On Thursday, after the annual Macy Day's Thanksgiving parade, two firsts will occur during the airing of the Kennel Club of Philadelphia National Dog Show: a woman wearing a hijab will showcase a new dog breed that will be introduced to the hound category.
On Nov. 16 and 17, a former Philadelphia police officer, Aliya Taylor, showcased the only new breed at this year's National Dog Show, the Azawakh. The 47-year-old dog handler was also the only person wearing a hijab, as she is one of just a few Muslims in the dog show world.
"I have never, to my knowledge, encountered another Muslim woman while competing — at least, not another covered Muslim woman who was showing dogs," Taylor, a mother of three, tells Yahoo Lifestyle. "I believe I am the only one in the northeast."
This moment has been years in the making.
"I’ve always loved dogs since I was a little kid. I’ve always loved animals, period," Taylor shares.
As a child, Taylor's love resulted in her finding injured animals and bringing them home to nurse them back to health. It was a hobby her mother wasn't particularly fond of, but it showed Taylor had the natural ability to nurture animals even at a young age.
Around 12, she got the "dog show bug" when her mother began to breed and show boxers. Taylor was given a miniature schnauzer as a pet; however, she had learned to "hand-strip" the dog's coat, meaning she would remove the dog's dead hair at the top of the coat from the root to ensure the animal's coat remained bright. Eventually, Taylor started to show her pet on her own, taking home a few wins, while also accompanying her mother to her shows.
"My mother stopped showing, actively, when I was around maybe 15," Taylor says. "Life just happened. I got older. I moved away; I became a police officer."
Taylor eventually purchased her first home and decided to get a dog again.
"My first dog that I had in my house was a Borzoi,” Taylor says.
Following the Borzoi was a standard poodle that she received from a "backyard breeder." She showed both while she served as a police officer, planning her vacations around the National Dog Show. But following her poodle's death, she decided she wanted a well-bred dog, and she started researching.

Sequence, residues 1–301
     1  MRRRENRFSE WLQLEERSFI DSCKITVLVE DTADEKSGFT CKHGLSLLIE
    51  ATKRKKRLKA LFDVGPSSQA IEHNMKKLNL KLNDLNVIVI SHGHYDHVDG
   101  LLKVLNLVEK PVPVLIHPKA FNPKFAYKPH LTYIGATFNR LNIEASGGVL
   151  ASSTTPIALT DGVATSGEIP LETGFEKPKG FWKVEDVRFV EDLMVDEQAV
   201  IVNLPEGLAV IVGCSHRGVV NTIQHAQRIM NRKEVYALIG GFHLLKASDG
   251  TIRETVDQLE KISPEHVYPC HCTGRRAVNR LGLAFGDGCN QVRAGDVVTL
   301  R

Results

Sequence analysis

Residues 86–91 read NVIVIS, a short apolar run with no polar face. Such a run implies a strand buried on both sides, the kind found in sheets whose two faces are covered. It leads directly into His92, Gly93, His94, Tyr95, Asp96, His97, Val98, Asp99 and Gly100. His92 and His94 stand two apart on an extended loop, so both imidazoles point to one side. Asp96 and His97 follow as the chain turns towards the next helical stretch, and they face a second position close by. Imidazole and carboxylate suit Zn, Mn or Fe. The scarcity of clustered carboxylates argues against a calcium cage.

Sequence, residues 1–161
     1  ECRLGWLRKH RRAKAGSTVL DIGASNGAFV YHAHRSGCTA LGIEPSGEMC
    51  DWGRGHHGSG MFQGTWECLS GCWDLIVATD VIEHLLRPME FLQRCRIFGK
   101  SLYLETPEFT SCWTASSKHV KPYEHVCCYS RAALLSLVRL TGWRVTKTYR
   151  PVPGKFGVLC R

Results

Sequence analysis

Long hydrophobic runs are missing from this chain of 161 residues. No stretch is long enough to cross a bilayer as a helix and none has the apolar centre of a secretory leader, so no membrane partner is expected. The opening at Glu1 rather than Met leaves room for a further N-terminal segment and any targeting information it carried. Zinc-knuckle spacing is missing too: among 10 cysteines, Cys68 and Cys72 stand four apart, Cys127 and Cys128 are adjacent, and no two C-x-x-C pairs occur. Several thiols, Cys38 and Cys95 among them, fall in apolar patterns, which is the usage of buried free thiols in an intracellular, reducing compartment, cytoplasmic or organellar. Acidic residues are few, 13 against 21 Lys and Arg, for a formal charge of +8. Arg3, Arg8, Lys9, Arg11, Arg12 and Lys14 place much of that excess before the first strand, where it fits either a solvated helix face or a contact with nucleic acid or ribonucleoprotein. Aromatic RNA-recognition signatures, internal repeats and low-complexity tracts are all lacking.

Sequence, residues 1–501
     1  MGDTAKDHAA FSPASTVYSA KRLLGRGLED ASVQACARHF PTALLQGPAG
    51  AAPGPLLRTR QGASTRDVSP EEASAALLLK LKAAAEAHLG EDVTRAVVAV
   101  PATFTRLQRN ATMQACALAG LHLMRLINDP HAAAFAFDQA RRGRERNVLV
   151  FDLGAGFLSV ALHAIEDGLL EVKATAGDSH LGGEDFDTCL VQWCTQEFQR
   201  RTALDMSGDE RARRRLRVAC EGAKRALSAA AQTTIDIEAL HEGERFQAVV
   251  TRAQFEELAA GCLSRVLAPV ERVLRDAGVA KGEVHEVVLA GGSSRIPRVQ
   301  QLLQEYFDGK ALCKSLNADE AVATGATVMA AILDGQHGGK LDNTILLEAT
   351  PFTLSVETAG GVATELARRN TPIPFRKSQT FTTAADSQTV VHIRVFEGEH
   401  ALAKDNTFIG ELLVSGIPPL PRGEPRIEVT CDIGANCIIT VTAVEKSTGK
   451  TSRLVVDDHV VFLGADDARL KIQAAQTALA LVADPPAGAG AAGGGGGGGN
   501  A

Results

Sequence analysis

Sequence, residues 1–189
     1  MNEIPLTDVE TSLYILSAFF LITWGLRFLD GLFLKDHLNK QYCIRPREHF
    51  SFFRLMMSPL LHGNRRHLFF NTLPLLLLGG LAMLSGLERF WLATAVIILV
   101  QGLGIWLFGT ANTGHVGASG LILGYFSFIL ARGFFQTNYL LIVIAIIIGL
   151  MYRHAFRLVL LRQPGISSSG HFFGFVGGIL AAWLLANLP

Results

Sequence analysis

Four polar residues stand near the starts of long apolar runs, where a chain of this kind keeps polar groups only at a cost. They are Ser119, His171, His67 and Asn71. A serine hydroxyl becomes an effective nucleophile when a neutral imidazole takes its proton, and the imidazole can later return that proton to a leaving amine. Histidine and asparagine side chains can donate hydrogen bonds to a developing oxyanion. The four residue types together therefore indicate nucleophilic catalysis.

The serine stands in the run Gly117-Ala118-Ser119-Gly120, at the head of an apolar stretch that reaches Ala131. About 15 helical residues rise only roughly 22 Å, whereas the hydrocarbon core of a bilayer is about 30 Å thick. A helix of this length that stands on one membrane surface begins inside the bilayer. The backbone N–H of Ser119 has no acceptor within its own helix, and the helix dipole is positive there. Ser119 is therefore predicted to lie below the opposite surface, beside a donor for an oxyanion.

Her love of sighthounds lead her to the rare bread, Azawakh.
"There was a prominent breeder in Georgia that would go to Africa to pick up these dogs because he is a preservationist breeder," Taylor explains. “He had a litter with two puppies left. The litter was a half desert bred, meaning that one of the parents was from Mali, Africa, the other parent was born here in the states. I friended him. We talked. I fell in love with the dogs, and [the breeder] offered me a puppy. The rest is history."
Eight years later, Taylor currently owns six Azawakh and bred her first litter in 2016. Her second litter ensured that her dogs had a three-generation pedigree, meaning she would be able to compete with them in the hound group if the American Kennel Club (AKC) would accept the breed.
In January of this year, the AKC sanctioned the breed. Viewers of the National Dog Show will see Taylor's dog, named Bahir, compete for the first time in the hound group on Thursday.
Having the AKC sanction her breed of choice wasn't the only challenge Taylor had to face when it came to showing her dogs. In 2014, Taylor suffered a stroke. Prior to her retirement from the police department in 2018, she also experienced a herniated disc. Now, her main focus is breeding and showing dogs, but when she first returned to her dog show career, she was warned by others about her appearance.
"I had somebody tell me when I was first starting to show dogs, again, that nobody would take me seriously with [my hijab] on," Taylor tells Yahoo Lifestyle. "I didn’t listen to them, obviously."
"This is who I am, this is my faith," Taylor, who also makes custom collars under the name Mother of Hounds, says. "I said, if people don’t accept me for who I am, then they can take it or leave it. There’s a lot of people who are curious, a lot of people looked at me strangely, especially when I walked into show games, but I held my head up high. I went and I competed with my dog, and that was that."
She adds: "You have to be comfortable with yourself. I had to be comfortable with myself in order to put myself out there."
The National Dog Show is filmed in advance, so the results are kept under wraps. But being able to share her experience — and the breed she loves so much — has already meant the world to Taylor.
"I would love to inspire everybody to follow what they love. It doesn’t matter whether you’re Muslim, Christian, Jewish, Atheist — it does not matter," Taylor says. "You need to be yourself. Be proud of yourself... In the end, the only person that really matters is the person looking back at you in that mirror."
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